Minister Bruton refuses to intervene in Wallis Dispute

Minister Bruton refuses to intervene in Wallis Dispute
Willie O’Dea TD has said he is extremely disappointed that the Minister for Jobs, Enterprise and Innovation, Richard Bruton TD has refused to intervene in the industrial dispute between the retail chain Wallis and workers of their former Cruises Street store over redundancy payments. Minister Bruton was responding to a Parliamentary Question (See below) tabled by Deputy O’Dea on the matter. Wallis have refused to honour a long standing redundancy agreement which guaranteed 5 weeks pay per year of service. Instead the company are offering only 2.75 weeks per year of service, including the statutory payment of 2 weeks. 

Willie O’Dea TD said, “It is extremely disappointing that Minister Bruton has refused to intervene in the dispute between the retail chain Wallis and workers of their former Cruises Street store over redundancy payments as in my opinion, this enormous multi-national company have cast aside basic employment rights and obviously feel they can do what they like in this country.

“In his reply, the Minister welcomes the fact that talks were scheduled between Wallis and the staff concerned. However, having met with the group of former workers who are picketing the Wallis Store at Childers Road Retail Park again since these talks took place, I was shocked to hear that at the negotiations, the company took their original offer off the table and instead offered the former workers significantly less than what brought them out on strike.

“This is contemptuous behaviour from a company who paid a massive €92 million dividend to their parent group Arcadia, which is in turn controlled by the billionaire business man Sir Philip Greene. The former employees, who have given decades of loyal service between them, are being treated extremely shoddily by the company.

“As a result of the breakdown in the talks, I am again calling on the Minister for Jobs, Enterprise and Innovation, Richard Bruton to intervene directly in order to bring a resolution to this dispute.”

Parliamentary Question

To ask the Minister for Jobs, Enterprise and Innovation if he is aware of the current industrial dispute at Wallis in Limerick City; if he is concerned at the company’s possible reneging on an agreement to pay its staff a redundancy package of 5 weeks per year of service and now proposing to pay 2.75 weeks per year of service; if he is willing to intervene directly in this dispute and if he will make a statement on the matter.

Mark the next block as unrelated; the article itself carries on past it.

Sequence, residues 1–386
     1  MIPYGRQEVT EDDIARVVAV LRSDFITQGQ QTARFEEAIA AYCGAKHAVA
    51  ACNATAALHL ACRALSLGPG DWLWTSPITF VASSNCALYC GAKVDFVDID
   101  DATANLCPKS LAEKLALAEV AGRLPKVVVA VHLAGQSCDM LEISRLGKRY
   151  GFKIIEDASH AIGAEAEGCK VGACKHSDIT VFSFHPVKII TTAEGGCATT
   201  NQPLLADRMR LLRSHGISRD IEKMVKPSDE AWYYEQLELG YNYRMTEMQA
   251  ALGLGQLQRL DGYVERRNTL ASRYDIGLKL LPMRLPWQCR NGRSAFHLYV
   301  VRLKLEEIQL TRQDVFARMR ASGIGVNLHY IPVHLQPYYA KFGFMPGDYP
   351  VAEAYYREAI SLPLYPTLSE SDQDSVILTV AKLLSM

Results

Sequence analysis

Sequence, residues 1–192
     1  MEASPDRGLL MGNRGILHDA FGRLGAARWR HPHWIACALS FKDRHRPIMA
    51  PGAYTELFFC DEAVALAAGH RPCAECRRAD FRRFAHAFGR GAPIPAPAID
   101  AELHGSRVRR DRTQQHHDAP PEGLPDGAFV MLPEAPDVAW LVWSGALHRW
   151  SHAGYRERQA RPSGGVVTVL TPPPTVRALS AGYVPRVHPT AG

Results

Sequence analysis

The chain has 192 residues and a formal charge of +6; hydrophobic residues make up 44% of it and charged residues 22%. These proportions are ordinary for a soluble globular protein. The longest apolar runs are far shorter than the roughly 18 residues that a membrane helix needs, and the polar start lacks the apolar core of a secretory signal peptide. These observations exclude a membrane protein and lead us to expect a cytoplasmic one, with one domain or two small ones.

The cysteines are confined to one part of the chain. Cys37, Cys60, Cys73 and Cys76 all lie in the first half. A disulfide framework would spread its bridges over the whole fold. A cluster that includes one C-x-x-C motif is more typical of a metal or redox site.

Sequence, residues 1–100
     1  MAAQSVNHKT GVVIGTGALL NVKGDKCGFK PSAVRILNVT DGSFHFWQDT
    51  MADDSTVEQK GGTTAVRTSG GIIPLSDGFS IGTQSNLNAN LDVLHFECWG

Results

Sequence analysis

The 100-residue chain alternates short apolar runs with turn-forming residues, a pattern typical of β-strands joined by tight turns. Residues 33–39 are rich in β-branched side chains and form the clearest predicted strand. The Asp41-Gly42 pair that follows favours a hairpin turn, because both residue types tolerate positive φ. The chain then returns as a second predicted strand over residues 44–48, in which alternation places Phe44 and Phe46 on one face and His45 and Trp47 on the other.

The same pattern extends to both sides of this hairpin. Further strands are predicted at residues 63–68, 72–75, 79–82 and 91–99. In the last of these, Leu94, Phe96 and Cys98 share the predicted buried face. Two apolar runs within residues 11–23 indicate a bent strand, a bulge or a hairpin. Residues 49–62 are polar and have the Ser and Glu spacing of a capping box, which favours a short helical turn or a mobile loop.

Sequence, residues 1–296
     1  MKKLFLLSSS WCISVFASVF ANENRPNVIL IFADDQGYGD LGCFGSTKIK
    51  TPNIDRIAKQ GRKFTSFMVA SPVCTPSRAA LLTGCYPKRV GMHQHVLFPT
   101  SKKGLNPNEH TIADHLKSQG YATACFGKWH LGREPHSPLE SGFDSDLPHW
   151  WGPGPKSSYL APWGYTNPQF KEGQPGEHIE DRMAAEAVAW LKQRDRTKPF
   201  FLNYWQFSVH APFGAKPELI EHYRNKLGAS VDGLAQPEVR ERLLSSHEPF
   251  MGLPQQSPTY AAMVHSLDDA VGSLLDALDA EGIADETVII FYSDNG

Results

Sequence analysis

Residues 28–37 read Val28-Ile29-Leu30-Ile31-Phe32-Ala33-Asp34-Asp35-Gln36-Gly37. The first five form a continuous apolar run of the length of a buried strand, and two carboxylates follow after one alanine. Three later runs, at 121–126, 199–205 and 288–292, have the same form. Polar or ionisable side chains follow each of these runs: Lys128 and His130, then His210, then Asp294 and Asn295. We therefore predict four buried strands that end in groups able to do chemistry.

– Willie O’Dea.

* For WRITTEN answer on Thursday, 3rd October, 2013.

    Ref No: 41608/13 


Minister for Jobs, Enterprise and Innovation (Mr Bruton)

I propose to take Questions No. 123 and No. 125 together.

I understand that the dispute revolves around redundancy terms offered to 10 staff that were based in the Cruises St branch which closed down recently and that similar terms are being offered to staff based in the Childers Rd branch which is to undergo restructuring. It is also my understanding that talks aimed at resolving the dispute have been scheduled since the start of this week and I welcome this development.

Ireland’s system of industrial relations is voluntary in nature and responsibility for the resolution of industrial relations issues lies ultimately with employers and workers and their respective representatives as appropriate. 

The State provides industrial relations mechanisms to assist parties in their efforts to resolve any differences they may have. I would urge the parties involved in this dispute to have regard to the availability of the industrial relations dispute resolution bodies to assist them in seeking a settlement and in addressing the underlying challenge of a major restructuring of the company. 

Experience constantly shows us that what often appears to be the most intractable of matters is capable of resolution where both sides engage constructively and in good faith in this voluntary process. The principle of good faith implies that both sides make every effort to reach an agreement and endeavour, through genuine and constructive negotiations, to resolve their differences.

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